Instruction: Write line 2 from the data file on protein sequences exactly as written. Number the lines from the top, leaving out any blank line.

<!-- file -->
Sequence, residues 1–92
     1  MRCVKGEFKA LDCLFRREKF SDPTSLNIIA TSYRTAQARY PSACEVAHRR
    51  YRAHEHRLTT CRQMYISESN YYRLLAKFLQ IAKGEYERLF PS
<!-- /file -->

     1  MRCVKGEFKA LDCLFRREKF SDPTSLNIIA TSYRTAQARY PSACEVAHRR